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Патент USA US2135187

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Nov. 1, v1938.
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2,135,187
R. H. LAWSON El‘ AL
NEEDLE BED FOR KNITTING MACHINES
Filed Fen. 9,1937 '
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NEEDLE BED FOR KNI'TTING MACHINES
4 Filed Feb.‘ 9, 1957
2,135,137
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Patented Nov. 1‘, 1938
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2,135,187
' - ' UNITED STATES- PATENT " OFFICE "
Robert H. Lawson‘ and William L. Smith, Jr., Paw
tucket, R. 1., assignors to Hemphill Company,
Central Falls, R. 1., a corporation of Massachusetts
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Application February 9, ,1937, Serial No. 124,844
12 Claims.
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(01. 66-115)
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The invention is concerned with a new con-
also for cooperating sinkers, and is constructed
struction for needle beds in independent needle
in accordance with precision methods, there is no
knitting machines‘ and more particularly with
particular di?iculty experienced in aligning sink
beds of built-up construction wherein hardened . ers between needles such as has been experienced
5 inserts are used for needle supporting guiding
in constructions where needle walls have been 5
. walls, these inserts being of novel construction.
formed from inserts designed for guiding nee-
In the ?gures of drawings:
,
Fig. .1 is a section showing the invention ap-
dles only and sinkers have been guided within
slots cut in a stitch ring. It will be obvious that
plied to a cylinder, 9, sinker, needle and jack
in this'latter method considerable di?lculty must
10 being shown in their respective positions; v
Fig. 2 is a section of the cylinder-within which
the inserts are to be placed, also showing the
fabric ring and the method and means by which
it is attached;
__ 15
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Fig.3 shows a sinker in detail and the man;
ner in which it isgui'cled by the supporting extensions on the inserts;
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Fig. 5 is a corresponding, enlarged view taken
on a seetionthrough the sinkers and showing how
, they are guided; and
,
Figs. 6 and '7 are elevations showing One 01' the
inserts in detail.
25
be experienced in‘ aligning the'sinkervslots ex- 19
actly between the needle , slots, especially about
a large-diameter machine having agreat number
of ?ne gauge instrumentalities therein.
The‘ invention herein disclosed has application
to all circular knitting machines employing nee- 15
dies and sinkers, but is especially useful with
types of machines wherein the sinkers move not
Fig. 4 is a plan of .a fragment of the sinker
assembly, greatly enlarged; .
, 20
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In some knitting machines, especially so-called
only in a radial. pathway for casting off stitches,
but also in a vertical direction for'the purpose
of participating in the Stitch drawing mOVement 20
itself. Such sinkers are di?lcult to align and are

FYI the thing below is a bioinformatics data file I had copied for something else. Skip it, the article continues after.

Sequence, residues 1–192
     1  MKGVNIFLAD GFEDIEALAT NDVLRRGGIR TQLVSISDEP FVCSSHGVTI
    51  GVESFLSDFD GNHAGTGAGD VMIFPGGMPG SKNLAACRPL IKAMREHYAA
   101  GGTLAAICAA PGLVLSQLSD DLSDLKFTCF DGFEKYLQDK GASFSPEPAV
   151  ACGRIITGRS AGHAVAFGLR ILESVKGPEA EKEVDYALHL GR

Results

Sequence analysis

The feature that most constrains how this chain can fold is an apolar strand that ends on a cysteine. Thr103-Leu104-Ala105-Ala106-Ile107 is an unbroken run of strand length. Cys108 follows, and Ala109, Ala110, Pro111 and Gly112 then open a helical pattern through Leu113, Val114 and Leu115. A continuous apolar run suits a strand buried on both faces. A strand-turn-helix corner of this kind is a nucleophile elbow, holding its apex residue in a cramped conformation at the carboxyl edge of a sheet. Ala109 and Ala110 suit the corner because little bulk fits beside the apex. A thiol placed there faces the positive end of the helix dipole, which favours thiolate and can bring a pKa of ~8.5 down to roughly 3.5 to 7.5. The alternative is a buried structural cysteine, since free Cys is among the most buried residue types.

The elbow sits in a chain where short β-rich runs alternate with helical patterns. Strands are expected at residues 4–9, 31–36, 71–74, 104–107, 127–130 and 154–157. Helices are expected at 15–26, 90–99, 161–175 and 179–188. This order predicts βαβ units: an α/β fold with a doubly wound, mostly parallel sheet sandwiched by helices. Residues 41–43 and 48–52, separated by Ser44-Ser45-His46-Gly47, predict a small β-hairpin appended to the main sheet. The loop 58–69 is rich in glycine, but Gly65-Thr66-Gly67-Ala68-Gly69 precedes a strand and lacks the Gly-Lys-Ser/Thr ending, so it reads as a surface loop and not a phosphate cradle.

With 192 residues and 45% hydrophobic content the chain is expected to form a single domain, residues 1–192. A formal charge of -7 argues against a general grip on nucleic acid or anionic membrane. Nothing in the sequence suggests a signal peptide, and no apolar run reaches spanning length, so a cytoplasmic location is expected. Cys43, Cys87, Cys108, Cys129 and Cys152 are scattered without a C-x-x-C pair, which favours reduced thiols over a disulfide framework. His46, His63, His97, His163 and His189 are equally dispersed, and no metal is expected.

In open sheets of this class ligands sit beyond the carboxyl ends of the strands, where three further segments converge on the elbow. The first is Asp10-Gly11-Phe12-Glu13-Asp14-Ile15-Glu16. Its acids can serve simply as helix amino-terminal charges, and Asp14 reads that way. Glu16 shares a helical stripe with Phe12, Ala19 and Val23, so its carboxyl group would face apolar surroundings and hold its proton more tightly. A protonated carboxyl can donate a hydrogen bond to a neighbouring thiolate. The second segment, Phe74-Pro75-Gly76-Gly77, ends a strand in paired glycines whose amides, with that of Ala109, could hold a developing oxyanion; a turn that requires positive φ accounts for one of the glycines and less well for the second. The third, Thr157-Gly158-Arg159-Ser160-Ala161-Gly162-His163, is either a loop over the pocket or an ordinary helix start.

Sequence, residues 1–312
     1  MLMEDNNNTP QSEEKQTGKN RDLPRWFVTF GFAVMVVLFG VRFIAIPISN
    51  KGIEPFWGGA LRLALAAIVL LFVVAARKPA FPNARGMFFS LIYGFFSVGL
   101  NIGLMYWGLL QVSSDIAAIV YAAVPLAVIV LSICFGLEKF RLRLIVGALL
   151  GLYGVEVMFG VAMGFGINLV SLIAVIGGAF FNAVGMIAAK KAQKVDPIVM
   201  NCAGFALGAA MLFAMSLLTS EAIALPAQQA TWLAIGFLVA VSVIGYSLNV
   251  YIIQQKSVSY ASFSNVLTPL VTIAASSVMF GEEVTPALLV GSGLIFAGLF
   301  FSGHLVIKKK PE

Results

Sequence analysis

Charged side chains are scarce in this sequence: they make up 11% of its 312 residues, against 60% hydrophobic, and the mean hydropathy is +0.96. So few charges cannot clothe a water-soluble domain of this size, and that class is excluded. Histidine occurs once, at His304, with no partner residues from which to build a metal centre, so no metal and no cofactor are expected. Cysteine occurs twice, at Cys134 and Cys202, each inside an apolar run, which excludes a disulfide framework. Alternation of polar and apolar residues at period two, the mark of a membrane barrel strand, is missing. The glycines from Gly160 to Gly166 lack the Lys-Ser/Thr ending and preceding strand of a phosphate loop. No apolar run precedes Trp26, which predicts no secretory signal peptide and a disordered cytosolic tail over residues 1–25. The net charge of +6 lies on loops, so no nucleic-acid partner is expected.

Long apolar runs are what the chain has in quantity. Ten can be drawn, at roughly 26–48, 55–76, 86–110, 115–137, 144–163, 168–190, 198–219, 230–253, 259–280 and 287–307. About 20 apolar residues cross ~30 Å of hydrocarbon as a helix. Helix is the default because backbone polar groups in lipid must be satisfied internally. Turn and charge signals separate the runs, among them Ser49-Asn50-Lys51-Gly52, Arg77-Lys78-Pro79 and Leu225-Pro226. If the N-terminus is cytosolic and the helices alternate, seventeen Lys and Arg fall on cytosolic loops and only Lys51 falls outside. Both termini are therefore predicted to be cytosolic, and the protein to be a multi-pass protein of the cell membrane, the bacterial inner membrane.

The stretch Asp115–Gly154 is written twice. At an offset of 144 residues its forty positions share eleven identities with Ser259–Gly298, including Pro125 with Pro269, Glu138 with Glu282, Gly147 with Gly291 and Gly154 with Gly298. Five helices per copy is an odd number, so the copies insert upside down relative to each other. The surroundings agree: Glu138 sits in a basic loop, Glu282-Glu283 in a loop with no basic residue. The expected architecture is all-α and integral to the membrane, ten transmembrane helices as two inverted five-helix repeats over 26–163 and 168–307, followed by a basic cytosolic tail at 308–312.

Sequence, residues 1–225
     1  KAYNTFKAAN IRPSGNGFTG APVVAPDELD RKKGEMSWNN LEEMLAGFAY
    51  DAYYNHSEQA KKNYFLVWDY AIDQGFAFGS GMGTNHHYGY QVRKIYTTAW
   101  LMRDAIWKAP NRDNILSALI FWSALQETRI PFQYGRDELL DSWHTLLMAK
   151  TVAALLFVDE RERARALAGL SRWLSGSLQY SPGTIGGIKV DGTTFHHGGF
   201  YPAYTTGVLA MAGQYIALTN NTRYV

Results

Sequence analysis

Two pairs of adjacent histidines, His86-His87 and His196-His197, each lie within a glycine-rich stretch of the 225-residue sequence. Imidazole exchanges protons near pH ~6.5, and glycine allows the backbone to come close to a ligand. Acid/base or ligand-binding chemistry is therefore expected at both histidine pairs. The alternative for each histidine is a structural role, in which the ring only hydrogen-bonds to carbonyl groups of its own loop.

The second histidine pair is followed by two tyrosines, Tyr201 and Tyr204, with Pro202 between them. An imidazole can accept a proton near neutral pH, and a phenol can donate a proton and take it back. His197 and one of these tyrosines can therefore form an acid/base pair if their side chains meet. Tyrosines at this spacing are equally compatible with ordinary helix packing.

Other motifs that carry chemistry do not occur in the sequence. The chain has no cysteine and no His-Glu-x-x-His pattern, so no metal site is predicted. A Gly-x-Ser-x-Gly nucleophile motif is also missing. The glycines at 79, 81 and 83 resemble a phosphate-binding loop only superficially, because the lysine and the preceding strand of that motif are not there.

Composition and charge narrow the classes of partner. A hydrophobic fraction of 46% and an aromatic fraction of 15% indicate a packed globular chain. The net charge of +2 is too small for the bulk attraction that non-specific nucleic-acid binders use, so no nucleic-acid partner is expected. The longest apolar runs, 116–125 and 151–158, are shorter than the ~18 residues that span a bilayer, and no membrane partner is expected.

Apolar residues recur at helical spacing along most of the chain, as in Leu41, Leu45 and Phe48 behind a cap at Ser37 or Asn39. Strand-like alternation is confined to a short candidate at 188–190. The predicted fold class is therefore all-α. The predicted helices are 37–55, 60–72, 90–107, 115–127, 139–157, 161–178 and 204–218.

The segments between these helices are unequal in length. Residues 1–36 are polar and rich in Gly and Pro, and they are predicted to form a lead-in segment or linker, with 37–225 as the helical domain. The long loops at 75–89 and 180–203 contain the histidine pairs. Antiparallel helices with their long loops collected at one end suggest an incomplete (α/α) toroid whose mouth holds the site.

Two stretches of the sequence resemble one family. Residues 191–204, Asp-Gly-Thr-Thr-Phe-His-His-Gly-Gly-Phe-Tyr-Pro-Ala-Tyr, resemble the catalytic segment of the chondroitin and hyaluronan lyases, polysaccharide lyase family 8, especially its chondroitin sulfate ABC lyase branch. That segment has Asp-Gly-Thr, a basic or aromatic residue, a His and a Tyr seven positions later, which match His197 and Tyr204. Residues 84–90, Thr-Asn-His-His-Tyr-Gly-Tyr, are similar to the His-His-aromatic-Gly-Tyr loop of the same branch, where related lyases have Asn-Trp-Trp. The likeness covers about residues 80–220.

di?icult to maintain in perfect alignment, but
obviously must be centered between their respec
tive needles and. must move in a single plane
between} those needles in order to avoid the knit- 25
body machines of large diameter, it is common ting of different sized or uneven loops Such‘ as
practice to construct the needle bed or cylinder' would lead to vertical streaks in the ‘fabric.
I assembly by inserting a plurality of hardened
Now referring to the ?gures of drawings, a cyl
strips in an annular cylinder element, the strips inder shell is shown at I maintained by con
30 serving as needle walls. In such constructions necting bolts 2 on a support or driving element 30
the annular cylinder within which the strips are 3 and having‘, attached at its upper end a fabric
inserted may be of unhardened metal, or in this guiding ring 4 employed‘ for guiding the fabric
particular instance, more preferably of metal
hardened to a’ degree to resist wear. In previous
35 constructions the inserts have been used to sup-
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over the top of the cylinder as it is cast off the
needles, and has the further function of main
mining the upper ends of the hardened inserts 35
port needles and/or jacks only; the present in-
rigidly in position. This ring is maintained at a
ventionrprovides inserts which serve effectively
_ to support needles, jacks and also the inner ends
proper distance above the top of the shell I by
means of spacers 5 and attaching Screws 6- The
of sinkers. Afabric ring is employed which takes
annular shell has a plurality of tricks or slots
the place of the usual stitch ring in so ‘far as
‘I cut vertically thereof and spaced apart the 40
it has the function of guiding the fabric over the
proper distance to receive the vhardened inserts _
top of the cylinder and down through the open-
‘or strips 8. These: strips 8, shown in detail in
ing therein, but said ring does not play any - Figs. 6 and '7, consist of an elongated needlerand
. part‘ in the guiding of the sinkers themselves. jack guiding portion and an offset sinker guiding
45' With the construction of this case it is possible part 9 which is offset an amount equal to one- 45 ,'
to build up ajcylinder of very simple -construc- half the distance between adjacent strips or in_
- ‘ tion and one which may be manufactured at a
serts.
Each strip has a projecting lug in which
substantial saving incost. The needles, jacks and ' is'received within a recess II in the cylinder and
sinkersv each move within hardened walls and at the upper end thereof, is provided with apair
50 are permanently guided in a manner to allow less
' deviation from the intended path than would